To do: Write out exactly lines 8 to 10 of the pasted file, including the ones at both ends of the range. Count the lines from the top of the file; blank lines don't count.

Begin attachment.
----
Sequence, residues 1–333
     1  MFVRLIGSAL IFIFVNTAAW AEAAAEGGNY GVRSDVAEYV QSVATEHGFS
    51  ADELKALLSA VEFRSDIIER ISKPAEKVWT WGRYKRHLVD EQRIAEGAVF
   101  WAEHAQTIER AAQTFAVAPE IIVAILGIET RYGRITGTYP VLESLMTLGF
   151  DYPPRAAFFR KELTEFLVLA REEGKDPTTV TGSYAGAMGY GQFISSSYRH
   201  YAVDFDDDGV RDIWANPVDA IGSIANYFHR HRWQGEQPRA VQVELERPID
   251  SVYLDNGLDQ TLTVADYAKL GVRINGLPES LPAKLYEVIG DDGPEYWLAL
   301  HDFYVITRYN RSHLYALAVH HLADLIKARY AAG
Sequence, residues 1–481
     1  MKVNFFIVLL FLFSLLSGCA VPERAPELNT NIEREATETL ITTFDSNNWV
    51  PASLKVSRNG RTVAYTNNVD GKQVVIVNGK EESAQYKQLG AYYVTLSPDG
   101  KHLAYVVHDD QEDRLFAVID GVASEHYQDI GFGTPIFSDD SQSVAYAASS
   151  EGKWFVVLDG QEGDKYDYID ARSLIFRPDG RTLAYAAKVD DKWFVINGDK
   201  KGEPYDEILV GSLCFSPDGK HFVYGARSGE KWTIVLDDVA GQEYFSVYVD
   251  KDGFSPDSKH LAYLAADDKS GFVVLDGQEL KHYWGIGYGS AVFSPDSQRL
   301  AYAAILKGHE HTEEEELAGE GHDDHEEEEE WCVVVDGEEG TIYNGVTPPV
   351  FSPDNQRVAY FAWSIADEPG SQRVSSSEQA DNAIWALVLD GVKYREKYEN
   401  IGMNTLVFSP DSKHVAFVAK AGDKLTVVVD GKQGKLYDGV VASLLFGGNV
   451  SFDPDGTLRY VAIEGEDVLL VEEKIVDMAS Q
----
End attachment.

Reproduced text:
   301  HDFYVITRYN RSHLYALAVH HLADLIKARY AAG
Sequence, residues 1–481
     1  MKVNFFIVLL FLFSLLSGCA VPERAPELNT NIEREATETL ITTFDSNNWV